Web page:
Ngurra Cultural Precinct will close gap in heart of national cultural institutions
[supplied by AIATSIS]
The Australian Government’s announcement today of its commitment to establish a national Aboriginal and Torres Strait Islander cultural precinct in the heart of Canberra was warmly welcomed by the Chair of the Council of the Australian Institute of Aboriginal and Torres Strait Islander Studies, Ms Jodie Sizer, and by AIATSIS CEO, Mr Craig Ritchie.
Ms Sizer said Ngurra: the National Aboriginal and Torres Strait Islander Cultural Precinct will reinforce the country’s appreciation of the important place Aboriginal and Torres Strait Islander cultures and history play in our national story.
‘On behalf of AIATSIS, and on behalf of all First Nations people in this country, I welcome this commitment by the Australian Government,’ Ms Sizer said.
‘The Ngurra precinct will reinforce the country’s appreciation of the important place that Aboriginal and Torres Strait Islander cultures and histories play in the story of this nation. ‘It will be a place of storytelling, and of teaching, and of sacred rest for ancestral remains and other sensitive materials for which the provenance is uncertain.
‘The inclusion of a National Resting Place is of vital importance, and is long overdue. Consultation on this concept dates back more than two decades.
‘Ngurra: the National Aboriginal and Torres Strait Islander Cultural Precinct will complement storytelling by other national institutions in the Parliamentary Triangle – the Parliamentary buildings, Reconciliation Place, the Tent Embassy, the High Court, the national collecting institutions.
‘And it will provide a new and more accessible home for AIATSIS.
‘For almost 60 years, AIATSIS has developed and been custodian of a unique collection that serves to increase understanding of the heritage of the First Nations peoples of this land.
‘We care for an unparalleled and growing collection of over one million items – works by Aboriginal and Torres Strait Islander knowledge-keepers, artists, filmmakers, storytellers and writers, and academic research materials.
‘We lead and influence the conduct of research in First Nations studies – including in ethics, protocols, and collections practices.
‘It is clear that AIATSIS is valued by First Nations peoples across this country, and that they are invested in our work. Donations from First Nations communities steadily pour in to enlarge the collection.
‘And so, in total, this is the work that Ngurra: the National Aboriginal and Torres Strait Islander Cultural Precinct will enhance.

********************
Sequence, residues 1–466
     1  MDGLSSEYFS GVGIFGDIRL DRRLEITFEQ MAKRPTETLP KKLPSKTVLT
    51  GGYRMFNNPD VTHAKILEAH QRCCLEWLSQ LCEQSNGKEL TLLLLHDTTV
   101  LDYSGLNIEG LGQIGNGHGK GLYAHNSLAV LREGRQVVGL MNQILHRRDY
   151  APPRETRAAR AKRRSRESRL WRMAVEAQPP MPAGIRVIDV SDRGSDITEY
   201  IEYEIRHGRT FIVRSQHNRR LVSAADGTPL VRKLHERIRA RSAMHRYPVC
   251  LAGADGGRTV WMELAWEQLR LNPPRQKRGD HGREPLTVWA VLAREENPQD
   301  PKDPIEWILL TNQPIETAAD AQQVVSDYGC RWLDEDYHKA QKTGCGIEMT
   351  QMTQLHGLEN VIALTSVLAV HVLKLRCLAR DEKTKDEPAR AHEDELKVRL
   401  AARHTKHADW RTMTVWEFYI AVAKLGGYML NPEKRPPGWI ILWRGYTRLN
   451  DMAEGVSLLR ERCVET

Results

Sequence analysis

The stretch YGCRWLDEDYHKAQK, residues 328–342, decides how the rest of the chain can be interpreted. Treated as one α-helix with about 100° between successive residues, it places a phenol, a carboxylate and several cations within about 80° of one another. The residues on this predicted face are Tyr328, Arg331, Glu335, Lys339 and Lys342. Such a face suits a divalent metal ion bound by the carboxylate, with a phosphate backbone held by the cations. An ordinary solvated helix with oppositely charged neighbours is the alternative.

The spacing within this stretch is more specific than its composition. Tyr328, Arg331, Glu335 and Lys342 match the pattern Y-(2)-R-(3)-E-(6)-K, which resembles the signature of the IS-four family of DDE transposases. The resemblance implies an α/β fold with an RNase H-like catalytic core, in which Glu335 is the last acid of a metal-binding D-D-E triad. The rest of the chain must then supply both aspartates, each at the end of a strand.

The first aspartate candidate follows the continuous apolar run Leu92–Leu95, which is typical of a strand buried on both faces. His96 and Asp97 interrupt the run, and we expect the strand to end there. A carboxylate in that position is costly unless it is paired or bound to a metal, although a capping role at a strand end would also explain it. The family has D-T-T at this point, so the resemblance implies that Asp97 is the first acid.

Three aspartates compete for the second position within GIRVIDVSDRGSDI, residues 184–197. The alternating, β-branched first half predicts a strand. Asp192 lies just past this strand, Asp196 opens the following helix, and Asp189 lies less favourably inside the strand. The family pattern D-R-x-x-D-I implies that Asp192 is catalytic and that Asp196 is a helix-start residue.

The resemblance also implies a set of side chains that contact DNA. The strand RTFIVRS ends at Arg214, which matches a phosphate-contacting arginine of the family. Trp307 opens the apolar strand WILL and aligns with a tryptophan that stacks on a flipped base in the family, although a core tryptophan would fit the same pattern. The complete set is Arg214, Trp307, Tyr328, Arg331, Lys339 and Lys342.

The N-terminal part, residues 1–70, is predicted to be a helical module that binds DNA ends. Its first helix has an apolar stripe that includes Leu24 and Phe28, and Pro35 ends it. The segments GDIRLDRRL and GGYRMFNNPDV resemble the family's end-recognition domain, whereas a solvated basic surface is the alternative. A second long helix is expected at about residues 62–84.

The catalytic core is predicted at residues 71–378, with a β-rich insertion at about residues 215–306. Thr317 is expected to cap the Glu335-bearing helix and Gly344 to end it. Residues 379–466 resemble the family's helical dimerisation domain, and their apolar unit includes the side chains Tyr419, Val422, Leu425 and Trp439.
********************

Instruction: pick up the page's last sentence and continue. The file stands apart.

‘AIATSIS is honoured and proud to lead this project forward.’
Mr Ritchie said consultation with Aboriginal and Torres Strait Islander people throughout the project’s development will be essential.
‘Ngurra: the National Aboriginal and Torres Strait Islander Cultural Precinct have national significance in the Parliamentary Triangle as speaking to the central place of Aboriginal and Torres Strait Islander peoples in Australia’s story,’ he said.
‘The precinct will include education, exhibition and gallery spaces and a new, fit-forpurpose home for AIATSIS.
‘It will allow us to showcase the work of AIATSIS to the world in new ways, with built-forpurpose facilities.
‘It will be a place for discoveries by the tens of thousands of schoolchildren who visit Canberra each year, eager to learn.
‘These activities support telling the story of the central and enduring place of Aboriginal and Torres Strait Islander cultures. A story that is over 65,000 years old.
‘Telling that story is very much at the core of what AIATSIS does. The new facilities offered by the Ngurra: the National Aboriginal and Torres Strait Islander Cultural Precinct will create new opportunities for people to encounter, engage with, and be transformed by that story.’
Wilcannia’s only grocer changes hands
[Callum Marshall, ABC]
Indigenous training provider REDI.E has taken over ownership of Wilcannia's grocery store with a desire to boost local employment and provide healthier food options for the community.
Archie and Ruby to be celebrated with monument
[Emma Pedle and Sam Bradbrook, ABC]
Aunty Ruby, a Ngarrindjeri woman, was born in the Riverland at Paringa, while Uncle Archie, a Gunditjmara and Bundjalong man, was born in Mooroopna, Victoria.
Fire at Old Parliament House: an Indigenous perspective
[by Munganbanna Norman]
As we come to the 50th anniversary of the Aboriginal Tent Embassy, we respect peaceful protest and acknowledge the important contribution it has made. Now is the time for the Uluru Statement of Voice Treaty Truth to be established.